Sam van Zweden




Live from Future Bookshop!

The Future Bookshop exhibition is in the studio space at NGV. The sound of school groups bounces off the high ceiling and stone tiled, as it’s connected to the NGV foyer where they gather to collect chairs and debrief before moving on to the next cultural experience.

The Future Bookshop is amazing. When you walk in the door (just inside the atrium) there are two big armchairs to your left, with a bookshelf containing a bunch of interesting things to read.

Right in front of the door is a wall, plastered with more QR codes than you’ve ever seen together in one place, all of which link to a different article/podcast/video/collection of thoughts about the future of writing and reading. There are also big copies of articles from The Emerging Writer, the EWF publication, which talk about interwebz and writingz.

In the middle of this QR code wall is a panel with USB sticks poking out of it. Hook whatever USB-friendly device you’ve got up to these and download free ebooks, as well as loving words from the artists’ collective behind the USB installation.

Next to this is an “ideas wall”, and under this is a table with paper and pens. You’re invited to participate by sharing your ideas about the future of books and writing and putting them up on the wall.

In the middle of the room is a table, where you can sit down and join the writers in residence as they create. Of course, not all writers in residence make use of the table. I ditched it pretty quickly in favour of a beanbag (see below – photo via @lisadempster), and another writer is currently kicking back in one of the armchairs. May I say – ALL writing places should have beanbags. It might just be an exhaustion hangover from the Festival, but the ability to sit equal parts vertical and horizontal in a squishy surface is really relaxing me and making the creative juices flow more easily.

Another section of the front wall houses works-in-progress from the writers in residence. Up there so far: Tully Hansen‘s room-plan (see below), blog posts from Sophie Benjamin, and Julien Leyre had stuck something up right before I left.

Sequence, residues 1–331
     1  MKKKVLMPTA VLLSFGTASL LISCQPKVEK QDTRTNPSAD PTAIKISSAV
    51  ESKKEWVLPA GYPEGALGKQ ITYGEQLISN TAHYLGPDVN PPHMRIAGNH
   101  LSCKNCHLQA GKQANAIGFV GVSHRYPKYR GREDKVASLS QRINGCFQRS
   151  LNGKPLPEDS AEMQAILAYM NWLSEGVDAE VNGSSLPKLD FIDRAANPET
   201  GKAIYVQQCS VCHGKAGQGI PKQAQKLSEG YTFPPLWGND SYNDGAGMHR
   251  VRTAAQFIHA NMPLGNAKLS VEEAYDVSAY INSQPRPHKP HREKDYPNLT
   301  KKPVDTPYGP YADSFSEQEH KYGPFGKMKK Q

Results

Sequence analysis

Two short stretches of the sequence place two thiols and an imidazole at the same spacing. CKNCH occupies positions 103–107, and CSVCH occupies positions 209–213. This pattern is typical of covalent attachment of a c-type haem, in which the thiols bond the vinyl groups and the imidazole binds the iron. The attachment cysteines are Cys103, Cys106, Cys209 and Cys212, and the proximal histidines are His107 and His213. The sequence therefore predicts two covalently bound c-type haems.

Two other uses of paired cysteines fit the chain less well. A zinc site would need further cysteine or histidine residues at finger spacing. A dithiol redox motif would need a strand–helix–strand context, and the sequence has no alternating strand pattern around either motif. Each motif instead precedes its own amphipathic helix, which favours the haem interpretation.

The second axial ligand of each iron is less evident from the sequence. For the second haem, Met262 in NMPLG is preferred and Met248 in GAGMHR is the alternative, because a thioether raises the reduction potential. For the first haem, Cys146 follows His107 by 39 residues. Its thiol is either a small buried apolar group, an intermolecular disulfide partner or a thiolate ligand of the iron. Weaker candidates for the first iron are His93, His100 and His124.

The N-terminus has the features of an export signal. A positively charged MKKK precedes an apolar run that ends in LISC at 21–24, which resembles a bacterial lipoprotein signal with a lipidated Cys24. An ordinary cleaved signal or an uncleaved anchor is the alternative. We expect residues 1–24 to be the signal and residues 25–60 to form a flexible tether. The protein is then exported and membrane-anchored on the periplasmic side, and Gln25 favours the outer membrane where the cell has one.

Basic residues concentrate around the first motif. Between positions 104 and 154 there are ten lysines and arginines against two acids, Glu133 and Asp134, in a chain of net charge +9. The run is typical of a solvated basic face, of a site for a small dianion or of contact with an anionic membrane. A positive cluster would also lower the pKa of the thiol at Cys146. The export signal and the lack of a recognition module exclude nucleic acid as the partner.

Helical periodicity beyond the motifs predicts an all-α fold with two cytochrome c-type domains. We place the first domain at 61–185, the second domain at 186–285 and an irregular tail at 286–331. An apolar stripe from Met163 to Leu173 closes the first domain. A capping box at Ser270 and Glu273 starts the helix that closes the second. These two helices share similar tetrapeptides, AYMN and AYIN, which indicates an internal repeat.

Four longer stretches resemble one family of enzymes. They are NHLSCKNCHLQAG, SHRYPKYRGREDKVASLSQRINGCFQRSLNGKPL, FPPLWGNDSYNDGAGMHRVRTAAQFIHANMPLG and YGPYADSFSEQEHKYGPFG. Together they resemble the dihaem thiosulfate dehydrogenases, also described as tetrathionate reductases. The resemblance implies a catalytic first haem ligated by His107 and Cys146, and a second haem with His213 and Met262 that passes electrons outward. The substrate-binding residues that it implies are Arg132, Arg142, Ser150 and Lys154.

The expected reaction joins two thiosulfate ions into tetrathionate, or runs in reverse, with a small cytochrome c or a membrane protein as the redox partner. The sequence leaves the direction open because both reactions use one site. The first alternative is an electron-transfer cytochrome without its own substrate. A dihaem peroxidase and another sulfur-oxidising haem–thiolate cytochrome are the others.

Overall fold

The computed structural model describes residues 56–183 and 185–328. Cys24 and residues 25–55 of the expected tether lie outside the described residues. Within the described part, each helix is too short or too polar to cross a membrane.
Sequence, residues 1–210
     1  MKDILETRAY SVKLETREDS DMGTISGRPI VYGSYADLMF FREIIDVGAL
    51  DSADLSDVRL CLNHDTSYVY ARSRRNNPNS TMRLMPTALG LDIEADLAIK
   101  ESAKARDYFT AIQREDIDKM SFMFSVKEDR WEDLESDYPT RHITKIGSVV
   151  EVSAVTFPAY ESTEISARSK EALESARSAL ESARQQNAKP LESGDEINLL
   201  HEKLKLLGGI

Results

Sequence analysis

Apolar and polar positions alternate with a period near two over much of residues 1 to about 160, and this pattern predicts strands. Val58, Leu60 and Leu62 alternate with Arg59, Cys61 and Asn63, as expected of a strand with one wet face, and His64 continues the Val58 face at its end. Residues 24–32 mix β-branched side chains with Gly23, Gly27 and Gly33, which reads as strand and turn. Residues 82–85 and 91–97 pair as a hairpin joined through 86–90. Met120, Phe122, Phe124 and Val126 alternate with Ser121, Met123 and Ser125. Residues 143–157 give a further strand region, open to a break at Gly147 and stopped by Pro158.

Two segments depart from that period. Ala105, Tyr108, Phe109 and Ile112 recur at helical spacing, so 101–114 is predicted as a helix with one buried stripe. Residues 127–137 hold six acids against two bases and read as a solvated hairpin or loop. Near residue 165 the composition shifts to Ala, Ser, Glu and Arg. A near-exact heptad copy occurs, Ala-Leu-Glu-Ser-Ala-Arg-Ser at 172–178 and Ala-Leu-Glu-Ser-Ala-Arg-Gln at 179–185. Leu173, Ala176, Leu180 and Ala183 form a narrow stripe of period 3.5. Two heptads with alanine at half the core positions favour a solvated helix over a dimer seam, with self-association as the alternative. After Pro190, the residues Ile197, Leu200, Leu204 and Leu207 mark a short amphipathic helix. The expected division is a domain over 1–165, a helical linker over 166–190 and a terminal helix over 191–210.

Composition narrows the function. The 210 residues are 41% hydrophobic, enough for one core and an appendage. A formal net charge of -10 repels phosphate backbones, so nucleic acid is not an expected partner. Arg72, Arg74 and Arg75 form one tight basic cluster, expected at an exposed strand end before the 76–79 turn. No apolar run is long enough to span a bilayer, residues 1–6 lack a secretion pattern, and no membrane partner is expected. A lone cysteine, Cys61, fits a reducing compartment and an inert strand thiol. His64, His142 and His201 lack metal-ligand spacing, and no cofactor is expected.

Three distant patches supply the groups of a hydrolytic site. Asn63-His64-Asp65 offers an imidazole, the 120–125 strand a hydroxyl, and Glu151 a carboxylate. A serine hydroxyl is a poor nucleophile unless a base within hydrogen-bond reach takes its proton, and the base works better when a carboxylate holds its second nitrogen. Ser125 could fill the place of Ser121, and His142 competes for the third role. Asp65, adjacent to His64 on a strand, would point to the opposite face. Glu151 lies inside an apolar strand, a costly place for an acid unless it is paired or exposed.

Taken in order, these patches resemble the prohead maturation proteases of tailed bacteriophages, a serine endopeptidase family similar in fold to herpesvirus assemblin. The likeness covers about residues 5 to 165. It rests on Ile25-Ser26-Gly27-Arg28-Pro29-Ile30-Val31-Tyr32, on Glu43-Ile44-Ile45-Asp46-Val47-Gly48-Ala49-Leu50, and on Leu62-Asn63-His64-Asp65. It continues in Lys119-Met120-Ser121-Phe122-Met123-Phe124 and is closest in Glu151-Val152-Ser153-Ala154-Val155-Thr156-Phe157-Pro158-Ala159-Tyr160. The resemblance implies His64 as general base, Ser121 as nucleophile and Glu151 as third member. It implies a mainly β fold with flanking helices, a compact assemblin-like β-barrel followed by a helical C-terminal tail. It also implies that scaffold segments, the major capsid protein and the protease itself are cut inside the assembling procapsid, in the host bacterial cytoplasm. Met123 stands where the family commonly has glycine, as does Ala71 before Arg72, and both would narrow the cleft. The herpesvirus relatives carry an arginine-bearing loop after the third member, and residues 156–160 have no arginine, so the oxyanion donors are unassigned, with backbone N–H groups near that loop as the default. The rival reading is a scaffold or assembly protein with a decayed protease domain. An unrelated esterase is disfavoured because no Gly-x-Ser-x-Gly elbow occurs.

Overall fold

In the middle of the room also is a pole intended for structural integrity, which the Future Bookshop makes use of. There are headphones hooked up to looping podcasts, which visitors can sit down and listen to. Not just any podcasts, but Paper Radio podcasts – these guys podcast stories, with really nice sound things happening in the background.

Next to the residents’ work-wall is a wall with book designs, and an interesting statement about the weirdness of books being super-accessible with free content around, but also becoming really expensive moving forward as they become obsolete.

The back wall has copies off all the Signal Express, the EWF/Signal Express daily newspaper from during the festival. They did an amazing job, pumping out two articles and Twitter highlights every day throughout the festival.

Tucked around the corner is a screen with looping vlogs with thoughts about the future of bookshops, books, reading and writing.

Along the glass wall that faces the atrium are lots of lamps, all switched on. The future looks bright. But we don’t want to make light of the future either. They’re just lightening the atmosphere. We’re trying to shed some light on where we’re headed. Hopefully people are smart in the future too, and just as switched on. Puns finished.

So that’s the space. Check out Tully Hansen’s floor-plan (relevant to his very cool work – photo via @lisadempster) to help you envisage it.

Even better, come down and visit to get a REAL idea of what’s happening.

During my time at the NGV studio, I’ll be blogging. I’ll be doing posts about the future of the book, and what it means to be writing and reading in the digital age. I’ll also be drafting blog posts for after the residency, and saving up a little back-log of stuff. Talking with Angela Meyer last week reinforced that this is something I should do continuously – if I’d had more posts/drafts on hand during the end of semester, I wouldn’t have gone silent when my workload grew. And so that’s what I’m doing at NGV. Making Little Girl With a Big Pen happen.

One fellow writing resident, Julien Leyre (who was one of the amazing writers who crossed that 30K mark at the Rabbit Hole!) is spending his time here translating a blog into French and Chinese. So maybe the future of books and writing is a place where things are more accessible.

The thing I love most about working in digital spaces is the way that readers are able to feed back. The ways that readers become creators. This is reflected really well in Future Bookshop, and that’s what excites me most about the space. The audience is also the creator, those who are watching feed back into the space, and by having people in the space it becomes something else. It’s evolving. That’s what the future of the book is all about.

Day 5 and Still Running!

Today is day 5 of the Emerging Writers’ Festival, and I thought I’d do a quick wrap-up post of the things that have made an impression on me and what’s been great about the festival since my last post, and what my experience has been as an intern.